Author, soldier, horticulturalist and chairman of the Scottish Land Court; Born Septermber, 6 1922; Died August 9, 2008.

Lord Elliott, who has died aged 85, was the wise and generous law lord best known as chairman of the Scottish Land Court. His work in adjudication on land rights took him to some of the remotest parts of Scotland, and no matter that his court might convene in a church annexe or village hall, Lord Elliott would don his robes and maintain the dignity of his office and calling.

But Archie Elliott was primarily a communicator, and beneath the outward severity lay a human being at once sagacious, humorous and learned.

Walter Archibald Elliott was born in London, son of the physician Prof T R Elliott and his wife Martha McCosh (of the family behind the Coatbridge company of Lanarkshire Iron & Coal). The young Elliott might have had a comfortable enough upbringing but for the stern attention paid to education and self-improvement from his parents. By the time they had commissioned the tower house of Broughton Place in Peeblesshire from the young Basil Spence in 1938, their 16-year-old son's Eton education had been supplemented by such a thorough grounding in horticulture that he knew garden plants by their Latin names, gaining a lifelong love of gardening that made his final home in Fairmilehead, Edinburgh, such a floral delight.

He had a distinguished war, commissioned into the Scots Guards and seeing action in the Western Desert, Italy and France. He landed at Salerno three days after his 21st birthday, was captured, and escaped to take part in the fighting of Monte Cassino and the eventual push into north-west Europe, gaining a Military Cross for valorous leadership, ending the war as staff captain.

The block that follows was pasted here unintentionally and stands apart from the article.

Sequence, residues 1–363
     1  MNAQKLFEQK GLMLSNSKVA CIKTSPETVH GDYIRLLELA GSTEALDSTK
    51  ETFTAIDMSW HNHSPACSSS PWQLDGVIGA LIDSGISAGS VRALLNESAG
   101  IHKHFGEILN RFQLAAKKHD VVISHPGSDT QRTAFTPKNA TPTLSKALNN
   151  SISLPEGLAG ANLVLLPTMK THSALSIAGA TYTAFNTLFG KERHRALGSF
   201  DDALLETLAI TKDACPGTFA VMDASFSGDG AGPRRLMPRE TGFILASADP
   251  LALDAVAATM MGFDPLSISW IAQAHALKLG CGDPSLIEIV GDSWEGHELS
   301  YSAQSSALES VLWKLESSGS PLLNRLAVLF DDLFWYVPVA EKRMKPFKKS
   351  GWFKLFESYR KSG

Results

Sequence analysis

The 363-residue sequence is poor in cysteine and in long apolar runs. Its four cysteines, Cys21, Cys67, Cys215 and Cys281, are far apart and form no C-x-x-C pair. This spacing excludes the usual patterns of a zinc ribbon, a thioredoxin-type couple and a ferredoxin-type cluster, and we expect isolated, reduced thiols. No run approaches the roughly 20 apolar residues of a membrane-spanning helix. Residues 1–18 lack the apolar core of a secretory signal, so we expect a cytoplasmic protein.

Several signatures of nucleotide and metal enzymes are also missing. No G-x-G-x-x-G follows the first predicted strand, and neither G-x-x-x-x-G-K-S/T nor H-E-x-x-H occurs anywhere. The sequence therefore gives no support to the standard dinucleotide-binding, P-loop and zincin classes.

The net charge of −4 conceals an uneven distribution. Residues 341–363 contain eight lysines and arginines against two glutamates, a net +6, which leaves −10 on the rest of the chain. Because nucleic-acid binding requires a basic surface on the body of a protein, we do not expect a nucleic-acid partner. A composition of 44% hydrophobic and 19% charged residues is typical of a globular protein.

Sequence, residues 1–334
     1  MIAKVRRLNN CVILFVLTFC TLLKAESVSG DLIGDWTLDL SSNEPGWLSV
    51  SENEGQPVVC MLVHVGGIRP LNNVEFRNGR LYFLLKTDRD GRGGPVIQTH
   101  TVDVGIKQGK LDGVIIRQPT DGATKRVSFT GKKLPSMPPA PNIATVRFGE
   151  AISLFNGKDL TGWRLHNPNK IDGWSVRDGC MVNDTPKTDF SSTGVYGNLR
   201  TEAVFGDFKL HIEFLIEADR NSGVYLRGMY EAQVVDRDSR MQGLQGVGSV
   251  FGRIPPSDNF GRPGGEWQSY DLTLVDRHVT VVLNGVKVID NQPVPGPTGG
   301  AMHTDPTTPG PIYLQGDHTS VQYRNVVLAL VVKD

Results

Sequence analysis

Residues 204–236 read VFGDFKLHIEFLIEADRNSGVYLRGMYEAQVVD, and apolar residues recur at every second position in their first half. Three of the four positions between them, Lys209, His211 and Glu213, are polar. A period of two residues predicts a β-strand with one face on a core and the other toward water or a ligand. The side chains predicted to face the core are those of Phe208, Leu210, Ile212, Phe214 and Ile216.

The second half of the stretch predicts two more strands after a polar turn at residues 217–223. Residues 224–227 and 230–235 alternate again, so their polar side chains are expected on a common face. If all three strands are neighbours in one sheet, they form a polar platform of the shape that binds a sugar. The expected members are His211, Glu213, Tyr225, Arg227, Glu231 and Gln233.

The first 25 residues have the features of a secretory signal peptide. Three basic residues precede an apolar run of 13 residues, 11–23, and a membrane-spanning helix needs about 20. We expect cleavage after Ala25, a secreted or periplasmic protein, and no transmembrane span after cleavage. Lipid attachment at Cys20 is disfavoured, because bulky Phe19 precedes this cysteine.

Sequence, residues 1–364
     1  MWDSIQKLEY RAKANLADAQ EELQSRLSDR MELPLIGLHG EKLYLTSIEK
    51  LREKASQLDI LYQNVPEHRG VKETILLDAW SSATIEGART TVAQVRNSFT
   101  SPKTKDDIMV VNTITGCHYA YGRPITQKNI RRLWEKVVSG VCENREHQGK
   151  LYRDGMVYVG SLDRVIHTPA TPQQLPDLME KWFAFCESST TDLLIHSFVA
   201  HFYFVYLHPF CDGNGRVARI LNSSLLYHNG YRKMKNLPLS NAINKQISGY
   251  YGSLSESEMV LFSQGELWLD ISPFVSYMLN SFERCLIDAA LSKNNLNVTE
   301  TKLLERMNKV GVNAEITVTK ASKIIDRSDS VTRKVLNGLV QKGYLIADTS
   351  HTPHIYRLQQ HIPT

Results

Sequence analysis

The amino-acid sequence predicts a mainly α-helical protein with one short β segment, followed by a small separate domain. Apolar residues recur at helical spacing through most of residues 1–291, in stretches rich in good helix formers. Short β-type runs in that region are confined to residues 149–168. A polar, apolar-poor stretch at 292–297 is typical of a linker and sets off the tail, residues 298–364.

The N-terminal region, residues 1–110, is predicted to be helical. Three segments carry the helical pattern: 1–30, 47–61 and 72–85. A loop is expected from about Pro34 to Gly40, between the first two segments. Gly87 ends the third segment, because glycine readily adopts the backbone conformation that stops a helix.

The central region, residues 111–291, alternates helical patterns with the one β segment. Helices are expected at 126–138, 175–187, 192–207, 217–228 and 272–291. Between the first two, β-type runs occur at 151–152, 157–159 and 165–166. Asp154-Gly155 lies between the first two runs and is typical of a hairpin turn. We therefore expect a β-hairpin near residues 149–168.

After completing his interrupted law degree at Cambridge, Elliott was admitted to the Faculty of Advocates and, as a member of the Bow Group, pursued Conservative politics seriously enough to stand for the party three times. His final effort, in Leith in 1970, failed by just 400 votes.

His grasp of the wider world saw him elevated to the presidency of the Edinburgh-based Scottish Lands Tribunal for two decades from 1971, where a principal task proved chairing a public inquiry into Edinburgh's then hotly disputed ring road. He succeeded the widely popular Lord Birsay (Harald Leslie QC) as chairman of the separate Scottish Land Court in 1978, with the confession that he might be "unable to match him for colourful experience" - a reference to the time Birsay, who habitually wore the kilt, stepped up to his waist in a bog, later recounting that he "looked for all the world like a stranded tartan water lily".

Elliott's war experiences deeply moved him and, more than half a century later, he produced Esprit de Corps, an account in which he explained how the realities of war change people. This journal led to Us and Them: A Study of Group Consciousness (1987) in which he promulgated the theory that group identity existed mainly through opposition to a rival group. It proved a book which illustrated his deeply held convictions of fairness and what is right, and reflected the spirit of decency which imbued his own life.

Lord Elliott is survived by his wife Susan (née Ross) and their sons Peter and Michael. BY GORDON CASELY